by AUFA MARDHIAH/ pic by MUHD AMIN NAHARUL
MALAYSIA will not be directly impacted by the rises in food prices due to supply issues on the Russia-Ukraine crisis, an analyst says, but global fertilisers price may affect production.
“This crisis has caused global fertiliser prices to surge. We see prices of food items going up — this is exactly what is happening in Malaysia for vegetables and chicken.
“The rising cost of fertilisers caused vegetable prices to go up. In the poultry industry, global fertiliser price hike translates to higher feed prices (maize and soybean), which in turn, results in a surge in the cost of producing chicken for meat and eggs,” Khazanah Research Institute deputy director of research Dr Sarena Che Omar told The Malaysian Reserve (TMR).
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She also informed that the inflation of food prices is likely to persist for a year or more if conditions remain as it is: The Ukraine-Russia war, Covid pandemic and export bans by key exporting countries (for example Indonesia with the export ban of oil palm).
In order to mitigate the situation, she suggested “short-term measures which can include providing targeted food-based cash aid to the consumers or subsidies to the producers”.
According to her, these are measures that must be implemented carefully and only as a last resort, because there is always the likelihood that it ends up becoming a long-term financial burden to the country.
More sustainable longer-term measures involve improving the efficiency of our farming practices to enable higher output on the back of lowered costs of production and farming practices that are safe and environmentally sustainable.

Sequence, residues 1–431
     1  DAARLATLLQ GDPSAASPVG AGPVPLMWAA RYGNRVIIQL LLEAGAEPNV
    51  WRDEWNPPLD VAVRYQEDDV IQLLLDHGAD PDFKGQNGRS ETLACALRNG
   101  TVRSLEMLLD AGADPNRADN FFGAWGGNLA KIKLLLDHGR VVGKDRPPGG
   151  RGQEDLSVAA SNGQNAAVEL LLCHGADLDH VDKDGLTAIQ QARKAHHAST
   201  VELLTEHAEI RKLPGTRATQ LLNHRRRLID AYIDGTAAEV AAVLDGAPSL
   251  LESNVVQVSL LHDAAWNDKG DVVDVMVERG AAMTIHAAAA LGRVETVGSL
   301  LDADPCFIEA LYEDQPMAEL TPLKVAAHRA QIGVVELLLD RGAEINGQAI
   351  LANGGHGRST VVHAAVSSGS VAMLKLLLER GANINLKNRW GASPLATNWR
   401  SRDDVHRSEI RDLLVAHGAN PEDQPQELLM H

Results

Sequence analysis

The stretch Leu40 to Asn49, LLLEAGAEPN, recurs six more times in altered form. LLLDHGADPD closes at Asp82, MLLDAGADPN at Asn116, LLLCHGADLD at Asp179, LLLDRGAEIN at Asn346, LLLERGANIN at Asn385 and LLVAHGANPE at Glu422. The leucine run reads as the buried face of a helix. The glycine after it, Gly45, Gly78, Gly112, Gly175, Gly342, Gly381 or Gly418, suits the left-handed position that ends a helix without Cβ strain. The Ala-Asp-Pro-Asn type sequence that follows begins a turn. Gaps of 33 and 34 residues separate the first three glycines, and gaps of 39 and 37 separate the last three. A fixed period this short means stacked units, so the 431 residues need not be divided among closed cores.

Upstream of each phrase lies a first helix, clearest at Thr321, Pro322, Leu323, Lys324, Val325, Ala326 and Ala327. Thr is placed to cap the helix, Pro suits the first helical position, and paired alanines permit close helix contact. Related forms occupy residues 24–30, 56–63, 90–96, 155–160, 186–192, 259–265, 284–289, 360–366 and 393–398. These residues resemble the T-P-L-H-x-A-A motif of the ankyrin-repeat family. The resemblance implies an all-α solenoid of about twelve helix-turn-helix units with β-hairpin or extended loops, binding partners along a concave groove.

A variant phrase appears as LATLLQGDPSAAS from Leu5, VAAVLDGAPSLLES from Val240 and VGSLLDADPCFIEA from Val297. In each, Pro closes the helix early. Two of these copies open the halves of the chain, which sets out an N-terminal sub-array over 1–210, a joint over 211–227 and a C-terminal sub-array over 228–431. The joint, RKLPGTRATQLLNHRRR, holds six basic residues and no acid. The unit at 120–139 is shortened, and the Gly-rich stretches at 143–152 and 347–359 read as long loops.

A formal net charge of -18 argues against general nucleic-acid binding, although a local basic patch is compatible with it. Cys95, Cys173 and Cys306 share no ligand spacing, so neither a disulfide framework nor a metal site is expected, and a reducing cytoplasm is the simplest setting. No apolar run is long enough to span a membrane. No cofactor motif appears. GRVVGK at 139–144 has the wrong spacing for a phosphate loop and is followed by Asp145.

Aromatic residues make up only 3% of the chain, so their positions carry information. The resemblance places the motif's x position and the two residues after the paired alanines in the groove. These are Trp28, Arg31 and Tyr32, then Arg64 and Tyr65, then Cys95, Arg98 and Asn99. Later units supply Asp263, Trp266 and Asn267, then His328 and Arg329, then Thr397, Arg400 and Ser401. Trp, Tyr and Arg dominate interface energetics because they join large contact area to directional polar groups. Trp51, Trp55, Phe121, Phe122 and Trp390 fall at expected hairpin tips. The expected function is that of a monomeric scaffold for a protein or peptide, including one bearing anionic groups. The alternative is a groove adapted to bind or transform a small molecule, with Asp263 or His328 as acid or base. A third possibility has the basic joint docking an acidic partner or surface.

However, if Malaysia has to rely on imports for certain types of food, she advised that Malaysia to not import from only one country but to diversify the import portfolio to sources from many countries, at once diluting any county-related risks.
“If you refer to the Global Food Security Index, there are several dimensions of food security. It is not just about domestic agricultural production, but also about food safety, sustainable agricultural practices, climate change resilience and investments in research and development, to name a few. Hence, to improve our food security, we need to address all these dimensions holistically,” she added.
Previously, Fitch Ratings Inc in its latest Economic Dashboard, mentioned that the war in Ukraine has caused the highest global food price hike in history, at the same time intensifying inflation dynamics when global consumer price index inflation rates are already high in the previous years.
Citing from the Fitch Ratings’ commentary on the “Fitch Affirms Malaysia at ‘BBB+’ with a stable outlook”, Malaysia is showing strong growth, but it is high on debt. Fitch Ratings stated that Malaysia’s ratings balance prospects of strong and broad-based medium-term growth with a diversified export base, in opposition to high public debt and lingering political uncertainty. Furthermore, budgetary flexibility is constrained by a low revenue base relative to the operating expenditures, making medium-term consolidation challenging.